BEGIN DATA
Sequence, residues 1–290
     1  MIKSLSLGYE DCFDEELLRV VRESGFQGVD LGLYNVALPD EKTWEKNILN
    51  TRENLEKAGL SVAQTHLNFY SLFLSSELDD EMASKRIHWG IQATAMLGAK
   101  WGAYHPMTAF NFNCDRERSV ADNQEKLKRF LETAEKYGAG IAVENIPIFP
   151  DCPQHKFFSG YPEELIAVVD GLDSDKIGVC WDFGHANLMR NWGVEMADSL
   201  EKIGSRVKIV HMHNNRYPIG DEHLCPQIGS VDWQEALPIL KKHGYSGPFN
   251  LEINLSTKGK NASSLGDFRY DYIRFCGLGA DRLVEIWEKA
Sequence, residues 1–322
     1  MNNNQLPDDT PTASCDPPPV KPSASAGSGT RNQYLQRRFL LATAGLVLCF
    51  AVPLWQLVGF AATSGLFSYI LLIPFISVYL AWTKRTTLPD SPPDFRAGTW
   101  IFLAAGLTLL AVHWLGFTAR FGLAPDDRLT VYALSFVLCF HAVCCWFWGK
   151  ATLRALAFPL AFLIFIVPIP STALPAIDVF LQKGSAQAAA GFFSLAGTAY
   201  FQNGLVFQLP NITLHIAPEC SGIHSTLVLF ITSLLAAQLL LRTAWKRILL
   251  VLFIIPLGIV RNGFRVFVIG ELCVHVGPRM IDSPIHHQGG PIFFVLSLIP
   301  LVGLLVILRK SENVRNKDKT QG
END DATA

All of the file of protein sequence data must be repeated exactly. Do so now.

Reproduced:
Sequence, residues 1–290
     1  MIKSLSLGYE DCFDEELLRV VRESGFQGVD LGLYNVALPD EKTWEKNILN
    51  TRENLEKAGL SVAQTHLNFY SLFLSSELDD EMASKRIHWG IQATAMLGAK
   101  WGAYHPMTAF NFNCDRERSV ADNQEKLKRF LETAEKYGAG IAVENIPIFP
   151  DCPQHKFFSG YPEELIAVVD GLDSDKIGVC WDFGHANLMR NWGVEMADSL
   201  EKIGSRVKIV HMHNNRYPIG DEHLCPQIGS VDWQEALPIL KKHGYSGPFN
   251  LEINLSTKGK NASSLGDFRY DYIRFCGLGA DRLVEIWEKA
Sequence, residues 1–322
     1  MNNNQLPDDT PTASCDPPPV KPSASAGSGT RNQYLQRRFL LATAGLVLCF
    51  AVPLWQLVGF AATSGLFSYI LLIPFISVYL AWTKRTTLPD SPPDFRAGTW
   101  IFLAAGLTLL AVHWLGFTAR FGLAPDDRLT VYALSFVLCF HAVCCWFWGK
   151  ATLRALAFPL AFLIFIVPIP STALPAIDVF LQKGSAQAAA GFFSLAGTAY
   201  FQNGLVFQLP NITLHIAPEC SGIHSTLVLF ITSLLAAQLL LRTAWKRILL
   251  VLFIIPLGIV RNGFRVFVIG ELCVHVGPRM IDSPIHHQGG PIFFVLSLIP
   301  LVGLLVILRK SENVRNKDKT QG